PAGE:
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Author Topic: Cheerleader Billed $45k After Not Cheering On Her Rapi...sorry, Assaulter  (Read 3505 times)

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Offline Noelle

When I went to school I didn't have to say the Pledge of Allegiance, so free speech isn't completely absent in school.  And being a cheer leader isn't quite like being a football player.  If a football player refuses to pass the ball to a certain person, then the function of the team suffers.  What harm was there in this girl not cheering for the boy?  Did it make the team lose?  She performed the rest of her duties.  She cheered on the team as a whole up until that point.  Her only issue came when it was just him, and I can't blame her.

The girl didn't just refuse to say the guy's name -- she stopped and stood with her arms crossed. That is disrupting the purpose of cheerleading, which is to (as the lawsuit established) be a mouthpiece for the school and promote enthusiasm and excitement. If one cheerleader is standing their with her arms crossed, it's hard to argue that the rest of the squad doesn't suffer and then the crowd is paying more attention to the one cheerleader who isn't doing anything than the others who are trying to get them fired up.

It's not to say that I blame her, certainly her reluctance is understandable and she has the right to express that -- which she did. She lost in court not just once, but twice in attempt to force the school to let her back on the team to...continue to stand there with her arms crossed every time the team cheers for the one guy. I'd think it more understandable to fight for the guy to get kicked off the football team -- and I do think the guy should've been booted from the football team and any other extracurricular activities due to even his misdemeanor charge, but in the situation we're given, for whatever reason he stayed on the team and that's the reality we're dealing with.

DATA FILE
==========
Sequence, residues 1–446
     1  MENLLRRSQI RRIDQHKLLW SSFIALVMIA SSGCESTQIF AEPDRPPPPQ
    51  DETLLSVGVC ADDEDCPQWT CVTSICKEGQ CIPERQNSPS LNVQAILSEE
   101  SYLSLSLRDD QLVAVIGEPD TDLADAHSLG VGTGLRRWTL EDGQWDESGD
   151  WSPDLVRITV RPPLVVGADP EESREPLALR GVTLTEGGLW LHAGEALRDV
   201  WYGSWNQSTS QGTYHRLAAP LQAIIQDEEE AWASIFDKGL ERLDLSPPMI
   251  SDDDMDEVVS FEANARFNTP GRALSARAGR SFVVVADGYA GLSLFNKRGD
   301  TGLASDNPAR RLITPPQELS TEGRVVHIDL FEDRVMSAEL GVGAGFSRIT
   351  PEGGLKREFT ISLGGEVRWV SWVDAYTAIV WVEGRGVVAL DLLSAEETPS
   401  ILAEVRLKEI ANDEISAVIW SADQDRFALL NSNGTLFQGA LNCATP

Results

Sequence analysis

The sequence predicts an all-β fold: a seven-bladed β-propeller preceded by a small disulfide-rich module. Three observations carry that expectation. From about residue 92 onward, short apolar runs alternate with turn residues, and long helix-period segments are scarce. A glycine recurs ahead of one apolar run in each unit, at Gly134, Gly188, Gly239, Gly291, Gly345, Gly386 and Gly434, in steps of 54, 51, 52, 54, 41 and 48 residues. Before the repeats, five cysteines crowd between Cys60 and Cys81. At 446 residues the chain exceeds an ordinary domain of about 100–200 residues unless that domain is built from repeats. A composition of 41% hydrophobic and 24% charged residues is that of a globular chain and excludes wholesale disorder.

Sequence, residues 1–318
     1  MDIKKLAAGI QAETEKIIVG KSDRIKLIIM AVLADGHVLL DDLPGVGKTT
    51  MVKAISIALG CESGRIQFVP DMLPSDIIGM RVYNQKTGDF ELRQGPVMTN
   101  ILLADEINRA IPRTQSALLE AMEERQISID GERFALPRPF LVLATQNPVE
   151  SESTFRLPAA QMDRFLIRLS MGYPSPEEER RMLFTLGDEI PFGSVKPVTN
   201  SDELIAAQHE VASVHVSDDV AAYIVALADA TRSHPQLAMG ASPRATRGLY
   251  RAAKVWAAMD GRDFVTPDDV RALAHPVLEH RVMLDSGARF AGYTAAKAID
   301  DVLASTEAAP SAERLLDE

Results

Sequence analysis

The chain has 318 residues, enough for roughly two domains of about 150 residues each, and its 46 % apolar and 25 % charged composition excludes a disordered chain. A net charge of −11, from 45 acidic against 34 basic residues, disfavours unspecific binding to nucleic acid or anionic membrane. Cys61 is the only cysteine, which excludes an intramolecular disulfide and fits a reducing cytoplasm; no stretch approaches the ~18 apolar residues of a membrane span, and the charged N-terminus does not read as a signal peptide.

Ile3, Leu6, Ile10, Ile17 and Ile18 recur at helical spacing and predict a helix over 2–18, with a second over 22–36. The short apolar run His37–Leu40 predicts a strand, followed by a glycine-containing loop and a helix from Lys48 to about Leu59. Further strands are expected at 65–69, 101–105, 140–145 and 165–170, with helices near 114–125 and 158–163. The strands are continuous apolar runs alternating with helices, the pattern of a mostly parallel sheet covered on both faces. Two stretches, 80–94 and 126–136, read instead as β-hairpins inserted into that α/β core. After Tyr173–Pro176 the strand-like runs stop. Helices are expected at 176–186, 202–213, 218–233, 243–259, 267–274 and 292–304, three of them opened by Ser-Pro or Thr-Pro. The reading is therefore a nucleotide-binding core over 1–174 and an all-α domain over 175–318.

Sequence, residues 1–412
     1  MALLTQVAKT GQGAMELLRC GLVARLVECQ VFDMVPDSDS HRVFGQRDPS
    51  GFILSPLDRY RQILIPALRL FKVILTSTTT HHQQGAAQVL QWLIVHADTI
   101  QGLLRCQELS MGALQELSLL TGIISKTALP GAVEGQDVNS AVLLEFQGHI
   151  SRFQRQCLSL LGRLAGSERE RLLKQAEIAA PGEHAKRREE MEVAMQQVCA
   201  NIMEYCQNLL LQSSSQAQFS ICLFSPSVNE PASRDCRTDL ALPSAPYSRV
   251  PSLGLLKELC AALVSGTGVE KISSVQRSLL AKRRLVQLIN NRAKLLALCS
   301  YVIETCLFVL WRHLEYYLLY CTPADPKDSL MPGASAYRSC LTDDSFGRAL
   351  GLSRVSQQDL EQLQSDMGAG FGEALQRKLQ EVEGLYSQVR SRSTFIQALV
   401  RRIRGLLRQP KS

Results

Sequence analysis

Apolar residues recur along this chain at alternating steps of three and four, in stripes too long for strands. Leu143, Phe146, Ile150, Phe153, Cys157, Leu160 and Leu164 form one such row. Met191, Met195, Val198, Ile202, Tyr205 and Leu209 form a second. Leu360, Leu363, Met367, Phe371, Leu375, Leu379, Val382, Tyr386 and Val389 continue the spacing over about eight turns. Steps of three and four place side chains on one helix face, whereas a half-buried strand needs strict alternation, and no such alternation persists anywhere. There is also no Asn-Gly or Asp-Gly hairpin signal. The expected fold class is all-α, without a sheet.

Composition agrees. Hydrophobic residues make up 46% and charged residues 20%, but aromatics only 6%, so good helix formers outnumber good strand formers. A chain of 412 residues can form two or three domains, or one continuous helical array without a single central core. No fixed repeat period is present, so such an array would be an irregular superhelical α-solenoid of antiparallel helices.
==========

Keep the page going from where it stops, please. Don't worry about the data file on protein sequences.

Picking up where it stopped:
Quote
No, I don't think it was the school's responsibility to do anything.  That's what the police are for.  However, how is it fair that he gets to keep playing, and she has to quit something she might love, when he was the one that did something wrong?  And obviously, if they sued over this, getting kicked off really upset her.  It was one instance, and she had a good reason, so they should have let it go.

I'll repeat for emphasis that I agree with you that I think it would've made more sense that the guy lose his right to participate in extracurriculars due to the misdemeanor charge that did come out of this. What I don't agree with is why she sued twice; the girl didn't just sue to be let back on the team, she sued for the right to stand there with her arms crossed and blatantly not participate. You know that would sound absurd in any other arena, such as my football example. Why shouldn't a football player be allowed the same protest rights, then, if he doesn't want to perform something such as passing the ball to one of his teammates? He's got plenty of other teammates he could pass to, so who cares?

The point is that in cheerleading or football or any other after-school activity, you are the mouthpiece of the school and not the other way around. Using the school as a sounding board for her hatred of this guy is not the right way to go about it. I'm not against accommodating her wishes to avoid association with this guy given their history, but it makes me wonder if she discussed it with her squad and thought about trying to find alternative methods of expressing herself without outrightedly just ceasing to cheer and disrupting the routine, but alas, all we have is the story we're given and we don't really have all the facts to speculate on.

Offline Shjade

When I went to school I didn't have to say the Pledge of Allegiance, so free speech isn't completely absent in school.  And being a cheer leader isn't quite like being a football player.  If a football player refuses to pass the ball to a certain person, then the function of the team suffers.  What harm was there in this girl not cheering for the boy?  Did it make the team lose?